I Got the Shotgun: Reflections on The Wire, Prosecutors and Omar Little
Alafair S. Burke
Hofstra University - Maurice A. Deane School of Law
October 21, 2010
Ohio State Journal of Criminal Law, Forthcoming
Hofstra Univ. Legal Studies Research Paper No. 10-33
The Wire is a show about institutions, the people trapped inside of them, and a society made static by their inaction, indifference, and ineptitude. Whether the series was exploring the drug trade, police departments, city hall, unions, or public schools, the individual actors within those systems were depicted as having little control over either the institutions or their individual fates within them. As a result, the constituencies supposedly served by those institutions continually got the shaft.
To say that The Wire is about the tolls of unmitigated capitalism and inflexible bureaucracies is not to say, however, that the show is silent on, or indifferent to, the criminal justice system that encompasses its main characters. I became especially intrigued by an episode in the first season in which police and prosecutors rely on the testimony of Omar Little in a murder trial, despite doubts about Omar’s first-hand knowledge of the crime. This essay is a reflection on the depiction of law enforcement in The Wire, both generally and with respect to the single scene that first made me a Wire addict.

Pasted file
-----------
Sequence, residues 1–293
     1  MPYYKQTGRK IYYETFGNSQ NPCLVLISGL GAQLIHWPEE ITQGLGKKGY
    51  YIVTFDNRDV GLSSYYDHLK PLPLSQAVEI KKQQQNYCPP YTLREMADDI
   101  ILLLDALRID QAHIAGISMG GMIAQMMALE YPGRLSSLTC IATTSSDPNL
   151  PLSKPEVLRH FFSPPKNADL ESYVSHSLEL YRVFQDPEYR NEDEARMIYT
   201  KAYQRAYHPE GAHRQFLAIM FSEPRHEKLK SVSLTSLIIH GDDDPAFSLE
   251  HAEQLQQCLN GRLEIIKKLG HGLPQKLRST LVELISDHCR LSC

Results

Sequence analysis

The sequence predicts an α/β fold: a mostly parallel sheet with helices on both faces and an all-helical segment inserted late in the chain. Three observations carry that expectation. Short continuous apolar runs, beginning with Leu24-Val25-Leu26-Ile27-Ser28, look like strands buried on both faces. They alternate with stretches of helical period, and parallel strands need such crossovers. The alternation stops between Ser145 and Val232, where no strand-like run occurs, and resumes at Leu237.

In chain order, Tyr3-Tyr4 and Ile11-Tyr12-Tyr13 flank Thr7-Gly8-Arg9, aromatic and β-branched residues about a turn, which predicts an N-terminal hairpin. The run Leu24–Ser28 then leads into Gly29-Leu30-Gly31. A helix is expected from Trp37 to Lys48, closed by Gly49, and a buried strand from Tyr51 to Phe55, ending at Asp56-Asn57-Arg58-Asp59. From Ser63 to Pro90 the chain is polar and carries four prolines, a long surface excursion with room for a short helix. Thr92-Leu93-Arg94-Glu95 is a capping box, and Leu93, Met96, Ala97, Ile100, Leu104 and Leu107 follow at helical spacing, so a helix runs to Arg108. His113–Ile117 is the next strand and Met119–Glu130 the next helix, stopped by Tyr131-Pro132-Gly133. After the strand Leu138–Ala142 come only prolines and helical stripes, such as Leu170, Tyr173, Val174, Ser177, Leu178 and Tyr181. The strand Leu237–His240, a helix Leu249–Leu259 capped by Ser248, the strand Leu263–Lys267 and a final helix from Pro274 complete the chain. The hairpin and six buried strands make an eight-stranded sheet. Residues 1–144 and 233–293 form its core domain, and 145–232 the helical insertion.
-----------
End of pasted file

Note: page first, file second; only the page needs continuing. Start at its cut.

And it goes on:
Number of Pages in PDF File: 17
Keywords: Criminal Law, Criminal Procedure, Prosecutorial Discretion, The Wire, Policing, Law And Literature, Television
JEL Classification: K10, K14, K42Accepted Paper Series
Date posted: October 22, 2010 ; Last revised: July 23, 2012
© 2014 Social Science Electronic Publishing, Inc. All Rights Reserved.
This page was processed by apollo2 in 0.281 seconds